It didn’t get the attention it deserved, but one key development from last Friday was that AFL-CIO chief Richard Trumka, in an interview with Salon, essentially declared independence from the Democratic Party. Trumka vowed that unions would be putting more of their money into their own organizing and less into defending Obama and Congressional Dems in 2012.
That echoed an earlier vow by the chief of the International Association of Fire Fighters to shift union cash from federal to local contests.
Commentators and political reporters will roll their eyes at these threats. They will point out that such tough talk rarely produces any real break with the Democratic Party; labor’s threat to primary Congressional Dems who bucked Obama on health reform, for instance, largely fizzled.
But while there’s something to that analysis, it overlooks the degree to which the events in Wisconsin have altered the calculus for labor. The surprising organizing success labor and state-level Dems have had there, combined with the fact that Republicans and conservatives are increasingly committed to pursuing anti-union initiatives in multiple states, may produce a real shift in labor’s strategy, in which resources really do get redirected to local organizing and state-level battles.
So what should national Dems do about this?
One thing Dems can immediately do is show some spine in a battle that’s gotten little national attention but is hugely important to unions: The war over the House GOP drive to roll back worker rights in the forthcoming Federal Aviation Administration reauthorization bill.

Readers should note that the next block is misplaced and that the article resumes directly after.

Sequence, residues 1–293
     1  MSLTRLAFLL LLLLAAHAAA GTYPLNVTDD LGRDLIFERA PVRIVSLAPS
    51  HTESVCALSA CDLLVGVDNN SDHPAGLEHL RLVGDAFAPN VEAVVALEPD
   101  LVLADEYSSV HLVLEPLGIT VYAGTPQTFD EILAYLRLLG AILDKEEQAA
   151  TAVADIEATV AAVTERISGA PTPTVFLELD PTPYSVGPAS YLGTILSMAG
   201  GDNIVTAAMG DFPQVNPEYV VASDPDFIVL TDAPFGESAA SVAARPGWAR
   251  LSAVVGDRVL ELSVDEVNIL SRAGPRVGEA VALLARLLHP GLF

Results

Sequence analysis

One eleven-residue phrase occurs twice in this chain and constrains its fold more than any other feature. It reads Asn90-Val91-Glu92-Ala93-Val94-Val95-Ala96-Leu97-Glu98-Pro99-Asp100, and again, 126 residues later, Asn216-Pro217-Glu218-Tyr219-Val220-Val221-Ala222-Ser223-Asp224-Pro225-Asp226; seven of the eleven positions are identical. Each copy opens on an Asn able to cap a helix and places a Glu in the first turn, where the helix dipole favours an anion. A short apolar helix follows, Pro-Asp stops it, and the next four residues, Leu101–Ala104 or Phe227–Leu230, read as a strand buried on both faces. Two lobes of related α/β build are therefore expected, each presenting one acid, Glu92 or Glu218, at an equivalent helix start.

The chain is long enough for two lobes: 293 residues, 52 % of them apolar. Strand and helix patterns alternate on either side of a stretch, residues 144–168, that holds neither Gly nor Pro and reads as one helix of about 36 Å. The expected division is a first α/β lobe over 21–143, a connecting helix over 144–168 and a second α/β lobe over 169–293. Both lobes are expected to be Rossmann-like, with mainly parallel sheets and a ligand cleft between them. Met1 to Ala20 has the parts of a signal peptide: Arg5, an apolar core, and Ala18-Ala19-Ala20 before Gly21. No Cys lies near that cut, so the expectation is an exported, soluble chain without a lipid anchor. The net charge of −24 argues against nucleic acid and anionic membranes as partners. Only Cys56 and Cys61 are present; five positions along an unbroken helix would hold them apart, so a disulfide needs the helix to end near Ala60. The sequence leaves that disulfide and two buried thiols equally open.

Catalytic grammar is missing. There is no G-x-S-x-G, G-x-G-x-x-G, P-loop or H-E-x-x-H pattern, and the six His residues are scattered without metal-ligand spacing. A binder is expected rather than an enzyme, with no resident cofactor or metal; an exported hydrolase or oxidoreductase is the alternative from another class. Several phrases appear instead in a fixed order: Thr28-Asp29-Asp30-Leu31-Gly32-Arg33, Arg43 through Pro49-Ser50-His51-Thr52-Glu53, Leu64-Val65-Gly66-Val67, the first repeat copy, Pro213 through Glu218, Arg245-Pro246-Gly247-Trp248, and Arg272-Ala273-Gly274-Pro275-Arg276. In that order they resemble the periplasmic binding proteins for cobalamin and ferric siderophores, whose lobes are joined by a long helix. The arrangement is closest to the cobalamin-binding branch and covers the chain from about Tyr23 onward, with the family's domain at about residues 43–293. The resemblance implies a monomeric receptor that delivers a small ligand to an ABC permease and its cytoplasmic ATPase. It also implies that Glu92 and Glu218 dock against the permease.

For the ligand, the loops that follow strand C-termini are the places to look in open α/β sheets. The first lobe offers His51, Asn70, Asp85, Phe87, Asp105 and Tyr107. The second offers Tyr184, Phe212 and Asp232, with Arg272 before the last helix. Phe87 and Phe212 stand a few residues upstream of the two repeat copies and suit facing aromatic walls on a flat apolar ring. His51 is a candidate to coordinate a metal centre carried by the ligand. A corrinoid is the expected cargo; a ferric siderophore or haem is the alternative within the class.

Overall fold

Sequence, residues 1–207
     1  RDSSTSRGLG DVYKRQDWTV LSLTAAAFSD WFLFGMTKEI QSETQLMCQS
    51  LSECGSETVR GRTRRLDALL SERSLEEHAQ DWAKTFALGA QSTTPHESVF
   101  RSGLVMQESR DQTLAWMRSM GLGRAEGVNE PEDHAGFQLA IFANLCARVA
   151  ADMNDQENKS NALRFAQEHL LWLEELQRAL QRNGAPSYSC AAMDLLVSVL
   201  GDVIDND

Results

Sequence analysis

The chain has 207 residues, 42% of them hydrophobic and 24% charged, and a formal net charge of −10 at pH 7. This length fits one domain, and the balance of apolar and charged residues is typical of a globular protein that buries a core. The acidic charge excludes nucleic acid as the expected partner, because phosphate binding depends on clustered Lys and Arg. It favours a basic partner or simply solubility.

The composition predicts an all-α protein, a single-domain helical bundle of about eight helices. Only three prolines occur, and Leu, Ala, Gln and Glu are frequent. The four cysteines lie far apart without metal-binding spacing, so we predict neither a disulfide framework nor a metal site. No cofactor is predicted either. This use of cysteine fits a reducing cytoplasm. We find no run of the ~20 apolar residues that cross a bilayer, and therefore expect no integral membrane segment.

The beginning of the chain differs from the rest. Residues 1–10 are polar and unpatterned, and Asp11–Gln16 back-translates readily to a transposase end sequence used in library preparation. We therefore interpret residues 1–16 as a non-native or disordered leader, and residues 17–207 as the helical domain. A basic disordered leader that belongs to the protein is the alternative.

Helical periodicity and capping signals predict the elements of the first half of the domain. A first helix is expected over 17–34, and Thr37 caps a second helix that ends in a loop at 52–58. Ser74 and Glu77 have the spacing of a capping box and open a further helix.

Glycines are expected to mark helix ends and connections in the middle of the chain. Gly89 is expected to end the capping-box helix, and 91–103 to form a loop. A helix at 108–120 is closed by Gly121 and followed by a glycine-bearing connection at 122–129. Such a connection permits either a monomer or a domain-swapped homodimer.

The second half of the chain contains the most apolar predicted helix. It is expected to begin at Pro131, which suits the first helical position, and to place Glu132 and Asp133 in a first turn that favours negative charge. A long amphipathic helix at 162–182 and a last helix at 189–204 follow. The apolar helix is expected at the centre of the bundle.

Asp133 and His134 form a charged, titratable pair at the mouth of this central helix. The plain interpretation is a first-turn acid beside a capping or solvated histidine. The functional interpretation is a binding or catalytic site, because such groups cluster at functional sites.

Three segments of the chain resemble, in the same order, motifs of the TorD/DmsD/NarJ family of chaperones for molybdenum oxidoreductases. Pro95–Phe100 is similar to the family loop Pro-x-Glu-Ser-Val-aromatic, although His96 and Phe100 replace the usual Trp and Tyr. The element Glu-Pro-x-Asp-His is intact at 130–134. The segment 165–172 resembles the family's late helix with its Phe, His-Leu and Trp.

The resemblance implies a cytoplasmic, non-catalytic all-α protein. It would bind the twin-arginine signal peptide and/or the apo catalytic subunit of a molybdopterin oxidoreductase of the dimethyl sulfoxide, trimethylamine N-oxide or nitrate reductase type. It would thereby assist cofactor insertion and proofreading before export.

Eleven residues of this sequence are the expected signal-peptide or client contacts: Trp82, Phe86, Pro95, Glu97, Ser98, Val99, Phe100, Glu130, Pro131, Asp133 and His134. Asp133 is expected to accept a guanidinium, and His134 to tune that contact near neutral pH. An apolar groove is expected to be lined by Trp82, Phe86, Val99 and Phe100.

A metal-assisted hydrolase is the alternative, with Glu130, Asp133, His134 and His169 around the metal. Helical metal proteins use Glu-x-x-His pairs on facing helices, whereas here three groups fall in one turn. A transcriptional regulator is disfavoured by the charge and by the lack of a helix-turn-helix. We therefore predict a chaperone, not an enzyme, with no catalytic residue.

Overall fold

The short version is that House Republicans passed a version of the bill that would greatly complicate the ability of airline and railroad employees to organize. The White House has threatened to veto the bill if it includes the anti-union provision. It’s now in the midst of conference negotiations, where Senate Dems are being pushed by unions to stand firm and not allow the provision into the final legislation. The Communication Workers of America has taken the lead against the initiative, but other unions also view it as a priority.
Whether or not you believe labor’s threat to soften support for national Dems in 2012, it would be folly to take full-blown union support for granted — in 2010, recall, turnout among union households dropped significantly. Standing firm in this FAA fight would be a good way for national Dems to restore organized labor’s confidence that the national party will fight for labor’s priorities — and hence is worth labor’s maximum time and money.